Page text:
condoms are ineffective at preventing STD transmission. They feel that access to condoms and to information about condoms will
cause increased sexual activity, because young people will mistakenly believe that they are protected from pregnancy and STDs. Since they feel that condoms
are ineffective at preventing STDs, they conclude that the result will be more unwanted pregnancies, more abortions, more STDs, and more
Religious liberals, public health officials, and many others
abstinence as the only totally-reliable method of avoiding pregnancy and
STD infection through sexual behavior. But, for those youth who have decided to become sexually
active, they recommend the consistent and knowledgeable care and use of condoms. They
note that students are, on average, becoming sexually active at the
age of 15 or 16 in the United States. Some sex-ed classes have been successful in delaying
sexual behavior by many months or up to two years. However, by the time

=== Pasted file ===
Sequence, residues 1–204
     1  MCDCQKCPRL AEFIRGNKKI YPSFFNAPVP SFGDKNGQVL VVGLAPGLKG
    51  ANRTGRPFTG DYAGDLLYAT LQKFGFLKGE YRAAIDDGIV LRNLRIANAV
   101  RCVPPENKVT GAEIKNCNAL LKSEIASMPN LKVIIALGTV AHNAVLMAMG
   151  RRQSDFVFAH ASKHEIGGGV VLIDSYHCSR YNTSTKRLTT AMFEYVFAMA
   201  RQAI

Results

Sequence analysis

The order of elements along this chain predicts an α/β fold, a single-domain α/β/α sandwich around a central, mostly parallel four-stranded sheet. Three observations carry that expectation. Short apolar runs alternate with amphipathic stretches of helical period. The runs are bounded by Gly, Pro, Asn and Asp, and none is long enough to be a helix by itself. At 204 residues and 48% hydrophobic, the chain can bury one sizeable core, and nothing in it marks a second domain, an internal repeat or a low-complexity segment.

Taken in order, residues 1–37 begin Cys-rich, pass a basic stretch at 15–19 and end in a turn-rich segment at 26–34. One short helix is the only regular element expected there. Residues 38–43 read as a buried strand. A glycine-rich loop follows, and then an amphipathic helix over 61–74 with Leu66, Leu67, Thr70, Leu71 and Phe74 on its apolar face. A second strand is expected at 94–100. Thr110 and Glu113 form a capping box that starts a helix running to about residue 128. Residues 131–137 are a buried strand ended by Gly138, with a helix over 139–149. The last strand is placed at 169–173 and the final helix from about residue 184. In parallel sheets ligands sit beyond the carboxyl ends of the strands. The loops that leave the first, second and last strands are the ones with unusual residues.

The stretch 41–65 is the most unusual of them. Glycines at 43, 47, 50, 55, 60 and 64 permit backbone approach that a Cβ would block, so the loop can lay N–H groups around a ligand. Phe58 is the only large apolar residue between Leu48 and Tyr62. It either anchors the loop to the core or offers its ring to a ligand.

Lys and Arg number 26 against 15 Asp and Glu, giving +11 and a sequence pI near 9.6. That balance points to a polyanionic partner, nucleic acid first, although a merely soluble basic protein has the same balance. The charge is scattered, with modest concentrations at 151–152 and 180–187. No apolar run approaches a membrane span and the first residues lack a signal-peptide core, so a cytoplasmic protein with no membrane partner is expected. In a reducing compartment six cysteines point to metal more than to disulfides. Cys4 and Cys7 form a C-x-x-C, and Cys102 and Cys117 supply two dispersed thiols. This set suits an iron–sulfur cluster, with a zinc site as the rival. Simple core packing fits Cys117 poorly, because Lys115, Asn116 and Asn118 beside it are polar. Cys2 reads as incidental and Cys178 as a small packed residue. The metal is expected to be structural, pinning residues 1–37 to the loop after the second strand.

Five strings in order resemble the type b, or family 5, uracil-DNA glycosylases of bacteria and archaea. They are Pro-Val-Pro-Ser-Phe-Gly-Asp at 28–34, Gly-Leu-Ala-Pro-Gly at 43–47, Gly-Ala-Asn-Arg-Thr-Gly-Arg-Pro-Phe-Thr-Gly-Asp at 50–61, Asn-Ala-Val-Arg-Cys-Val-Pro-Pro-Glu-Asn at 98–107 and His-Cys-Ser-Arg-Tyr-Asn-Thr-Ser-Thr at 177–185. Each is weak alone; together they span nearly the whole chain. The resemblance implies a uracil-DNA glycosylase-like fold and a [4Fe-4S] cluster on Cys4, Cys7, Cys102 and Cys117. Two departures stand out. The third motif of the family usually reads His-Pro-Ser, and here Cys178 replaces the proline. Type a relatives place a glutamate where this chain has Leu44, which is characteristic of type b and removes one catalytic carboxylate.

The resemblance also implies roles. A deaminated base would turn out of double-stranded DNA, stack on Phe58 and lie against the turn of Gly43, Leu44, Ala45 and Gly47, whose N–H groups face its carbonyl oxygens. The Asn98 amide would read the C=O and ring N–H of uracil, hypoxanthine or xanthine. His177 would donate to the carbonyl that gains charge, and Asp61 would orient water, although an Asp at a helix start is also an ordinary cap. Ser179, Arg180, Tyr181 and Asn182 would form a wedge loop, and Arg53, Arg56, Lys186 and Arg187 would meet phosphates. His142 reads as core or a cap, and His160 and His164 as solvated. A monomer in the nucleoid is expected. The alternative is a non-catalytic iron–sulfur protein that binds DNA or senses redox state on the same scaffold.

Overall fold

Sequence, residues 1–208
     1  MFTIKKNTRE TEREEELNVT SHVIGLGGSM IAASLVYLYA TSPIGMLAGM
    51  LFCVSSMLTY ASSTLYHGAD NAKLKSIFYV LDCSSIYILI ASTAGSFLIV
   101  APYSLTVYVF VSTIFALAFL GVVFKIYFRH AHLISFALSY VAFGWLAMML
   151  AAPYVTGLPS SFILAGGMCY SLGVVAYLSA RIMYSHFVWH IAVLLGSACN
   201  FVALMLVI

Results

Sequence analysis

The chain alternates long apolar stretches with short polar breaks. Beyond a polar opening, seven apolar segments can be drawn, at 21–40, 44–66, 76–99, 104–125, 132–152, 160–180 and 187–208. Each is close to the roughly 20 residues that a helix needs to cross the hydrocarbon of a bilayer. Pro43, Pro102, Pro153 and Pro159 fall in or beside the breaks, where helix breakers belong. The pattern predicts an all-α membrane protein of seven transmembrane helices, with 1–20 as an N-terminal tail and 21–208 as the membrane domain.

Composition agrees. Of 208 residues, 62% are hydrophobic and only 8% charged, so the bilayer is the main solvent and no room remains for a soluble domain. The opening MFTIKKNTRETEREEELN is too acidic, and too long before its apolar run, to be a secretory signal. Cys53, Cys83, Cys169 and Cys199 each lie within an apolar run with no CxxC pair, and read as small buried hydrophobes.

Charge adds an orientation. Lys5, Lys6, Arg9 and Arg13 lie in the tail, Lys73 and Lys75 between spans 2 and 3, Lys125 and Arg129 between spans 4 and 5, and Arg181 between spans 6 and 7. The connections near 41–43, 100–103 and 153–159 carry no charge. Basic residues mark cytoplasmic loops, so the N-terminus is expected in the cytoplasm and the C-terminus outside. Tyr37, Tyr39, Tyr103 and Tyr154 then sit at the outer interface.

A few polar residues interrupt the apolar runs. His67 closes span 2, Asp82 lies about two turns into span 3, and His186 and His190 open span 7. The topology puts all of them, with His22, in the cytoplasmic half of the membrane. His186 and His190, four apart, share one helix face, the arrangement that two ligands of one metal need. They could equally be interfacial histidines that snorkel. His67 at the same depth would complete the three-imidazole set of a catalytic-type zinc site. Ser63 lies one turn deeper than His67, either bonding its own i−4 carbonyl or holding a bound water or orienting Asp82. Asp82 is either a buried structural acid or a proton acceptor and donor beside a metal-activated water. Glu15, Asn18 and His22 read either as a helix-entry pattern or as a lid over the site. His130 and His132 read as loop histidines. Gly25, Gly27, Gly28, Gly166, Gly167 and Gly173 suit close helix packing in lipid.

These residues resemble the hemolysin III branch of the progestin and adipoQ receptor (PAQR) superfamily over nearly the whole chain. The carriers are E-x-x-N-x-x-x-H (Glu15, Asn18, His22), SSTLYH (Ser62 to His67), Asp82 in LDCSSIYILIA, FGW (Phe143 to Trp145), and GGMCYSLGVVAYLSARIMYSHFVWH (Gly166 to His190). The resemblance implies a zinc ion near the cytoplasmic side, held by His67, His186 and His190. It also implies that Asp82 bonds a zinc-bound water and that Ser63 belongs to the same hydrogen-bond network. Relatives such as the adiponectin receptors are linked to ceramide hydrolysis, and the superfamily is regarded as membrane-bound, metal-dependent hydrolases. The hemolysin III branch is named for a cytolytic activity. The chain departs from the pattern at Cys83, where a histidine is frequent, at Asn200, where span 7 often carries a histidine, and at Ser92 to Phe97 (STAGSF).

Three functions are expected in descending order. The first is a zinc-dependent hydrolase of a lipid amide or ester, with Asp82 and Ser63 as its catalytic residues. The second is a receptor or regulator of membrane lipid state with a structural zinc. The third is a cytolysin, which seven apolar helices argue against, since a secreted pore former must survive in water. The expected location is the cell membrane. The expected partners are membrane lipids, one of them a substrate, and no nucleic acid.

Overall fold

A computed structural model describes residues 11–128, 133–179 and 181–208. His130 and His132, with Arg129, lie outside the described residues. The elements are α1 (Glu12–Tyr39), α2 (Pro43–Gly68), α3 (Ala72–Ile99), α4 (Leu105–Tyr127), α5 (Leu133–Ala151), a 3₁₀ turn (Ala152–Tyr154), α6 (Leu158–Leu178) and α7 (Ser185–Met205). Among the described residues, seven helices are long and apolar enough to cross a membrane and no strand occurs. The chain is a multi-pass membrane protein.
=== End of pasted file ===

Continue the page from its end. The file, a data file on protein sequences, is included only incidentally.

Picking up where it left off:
that they reach college, almost all youths have been sexually active. By
the time of their
first marriage (at age 27 for men and 25 for women), pre-marital sex is
near universal. Over 90% of young people have become sexually active. 4 Sexually active youth need to know how to protect themselves against
pregnancy and STDs. Otherwise, pregnancy rates will remain high, and
many more young people will contract STDs. Some STDs, like AIDS, are
currently incurable and eventually fatal.|
Premarital celibacy was certainly promoted by Paul in some of his
epistles. But he was addressing a very different, pre-scientific
society. Today's situation is much different. In first century
CE Palestine, abstinence was of great importance because there
was no effective contraception techniques, no prevention methods for STDs, no
effective medical treatments for any STDs, and the time interval between
puberty and marriage was often measured in months -- not decades as in
Surveys have shown that inclusive sex-ed classes do not increase sexual behavior or encourage teens to become sexually active earlier.
But students are motivated by the knowledge that they gain in class to make their sexual behavior safer. Easy access to condoms, and
knowledge on how to use them properly, greatly reduce unwanted pregnancies and STD transmission. The result is